This afternoon, former Galleon trader Adam Smith will take the stand in the Raj Rajaratnam insider trading trial.
He is the first former Galleonite to testify against his old boss.
He plead guilty to insider trading earlier this year, and is one of the government’s star witnesses.
“I knew what I was doing was wrong,” Smith told the court in January. “I am forever remorseful about this terrible mistake.”
In their complaint against Smith, the SEC said:
Smith caused certain Galleon funds that he managed to trade on the basis of the material nonpublic information he received from the investment bank source. Upon receipt of the information, Smith substantially increased the size of an existing ATI long position that the Galleon funds he managed had in place.
The government negotiated a deal in which they wouldn’t prosecute Smith for destroying computer records and other documents at the tail-end of 2009, because he agreed to testify against Raj.
He earned an MBA from Harvard and joined Galleon in 2002. In 2006, he became a portfolio manager of the Galleon Emerging Technology Funds — aka the Galleon Communications Funds. When the hedge fund liquidated after Raj’s arrest, Smith reportedly launched his own hedge fund with two other Galleon alum called OLA Capital.
Why The defence And The Government Are Scared Of Smith’s Testimony
Smith has already been introduced to the jury. The government played wiretaps earlier in the trial, in which Smith and his boss talk abut a company called Vishay in May 2008. “Listen, ah, I talked to Kamal last night,” Smith says to Raj. “They bid on a deal for Vishay… It’s a private equity. And they lost, so CSFB got the mandate… Um but they said they’re finally a willing seller, the deal looks phenomenal to him.”
In that conversation, Kamal is assumed to be Morgan Stanley banker Kamal Ahmed, who the government alleges tipped Smith off because he had insider knowledge of the Vishay deal. Smith told the FBI that Raj’s brother, Rengan, had told Smith, after Raj was arrested in October 2009, that “when someone discussed ‘Kamal’ with Raj, Raj would say it was a reference to Kamal Das, a sell- side analyst,” and not Kamal Ahmed.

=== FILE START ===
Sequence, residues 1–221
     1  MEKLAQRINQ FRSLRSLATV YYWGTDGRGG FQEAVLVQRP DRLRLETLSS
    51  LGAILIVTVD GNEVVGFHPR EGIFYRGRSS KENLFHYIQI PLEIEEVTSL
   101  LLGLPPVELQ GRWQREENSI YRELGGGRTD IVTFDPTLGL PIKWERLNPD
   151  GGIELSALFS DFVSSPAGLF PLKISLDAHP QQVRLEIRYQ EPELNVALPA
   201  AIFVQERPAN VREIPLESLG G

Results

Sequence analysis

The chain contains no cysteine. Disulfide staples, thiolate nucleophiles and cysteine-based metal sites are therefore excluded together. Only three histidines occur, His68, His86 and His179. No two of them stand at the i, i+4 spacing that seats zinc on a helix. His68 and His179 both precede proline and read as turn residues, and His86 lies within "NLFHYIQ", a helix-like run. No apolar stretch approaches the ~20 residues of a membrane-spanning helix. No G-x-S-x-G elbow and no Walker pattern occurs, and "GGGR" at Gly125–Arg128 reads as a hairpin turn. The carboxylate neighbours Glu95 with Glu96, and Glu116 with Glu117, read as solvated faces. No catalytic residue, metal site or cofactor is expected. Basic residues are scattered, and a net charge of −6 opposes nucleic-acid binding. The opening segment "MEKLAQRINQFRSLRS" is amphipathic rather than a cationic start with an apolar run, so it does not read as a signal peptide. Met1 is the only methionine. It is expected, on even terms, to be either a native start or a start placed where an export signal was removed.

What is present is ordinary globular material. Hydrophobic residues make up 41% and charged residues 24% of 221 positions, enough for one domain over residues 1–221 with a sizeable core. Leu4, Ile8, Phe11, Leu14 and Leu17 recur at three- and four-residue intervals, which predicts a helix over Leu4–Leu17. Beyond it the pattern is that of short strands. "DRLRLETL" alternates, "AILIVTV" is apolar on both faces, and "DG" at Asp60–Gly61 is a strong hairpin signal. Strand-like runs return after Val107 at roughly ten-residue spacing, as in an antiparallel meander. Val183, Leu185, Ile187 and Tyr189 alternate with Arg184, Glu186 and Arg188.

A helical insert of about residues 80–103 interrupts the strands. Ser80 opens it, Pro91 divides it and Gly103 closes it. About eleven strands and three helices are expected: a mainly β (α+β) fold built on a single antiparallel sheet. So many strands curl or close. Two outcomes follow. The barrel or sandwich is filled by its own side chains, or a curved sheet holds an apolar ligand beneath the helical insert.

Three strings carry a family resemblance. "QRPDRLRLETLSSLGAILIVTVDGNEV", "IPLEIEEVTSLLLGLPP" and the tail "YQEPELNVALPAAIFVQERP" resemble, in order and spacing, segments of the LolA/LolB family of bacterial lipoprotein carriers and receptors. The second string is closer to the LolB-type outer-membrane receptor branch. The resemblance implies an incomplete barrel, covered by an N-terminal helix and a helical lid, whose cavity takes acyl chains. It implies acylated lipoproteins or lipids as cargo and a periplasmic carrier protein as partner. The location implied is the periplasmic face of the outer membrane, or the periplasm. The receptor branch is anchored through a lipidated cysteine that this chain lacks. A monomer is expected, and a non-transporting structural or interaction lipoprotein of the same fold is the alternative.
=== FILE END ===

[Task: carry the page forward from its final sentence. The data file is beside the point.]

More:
The defence pleaded with Judge Holwell last night to forbid the prosecution from questioning Smith over that exchange because it happened months after Raj was arrested and outside the dates of the alleged conspiracy. The Judge will make his decision today.
But that conversation isn’t the only part of Smith’s potential testimony over which each legal team is dueling.
And the defence has already made attempts to diminish the damage his testimony could do their case.
Smith also told the FBI that after Raj was arrested in 2009, his brother Rengan appeared at the Galleon office and “took his sibling’s notebooks.”
Raj’s attorneys want Judge Holwell to prevent Smith from testifying about Rengan’s notebook removals because they say that Raj “while under arrest, had no control over his brother’s actions” and that the documents were taken because a defence lawyer had wanted them to prepare for a bail hearing.
“It would be impermissibly prejudicial, and of no probative value whatsoever, for the government to elicit testimony suggesting that Mr. Rajaratnam and his brother were concealing evidence,” Raj’s attorney John Dowd argued.
But obviously the government is keen to have the testimony included because they say it will help “prove the existence of the charged conspiracy and Rengan’s membership in it,” according to the letter sent to the court.
Smith reportedly met up with Rengan twice in Spring last year. During one of those meetings, “Rengan asked about Smith’s “little black book of information” and wanted “to confirm” that he “was not going to say anything about the notebooks or black book” according to Bloomberg.
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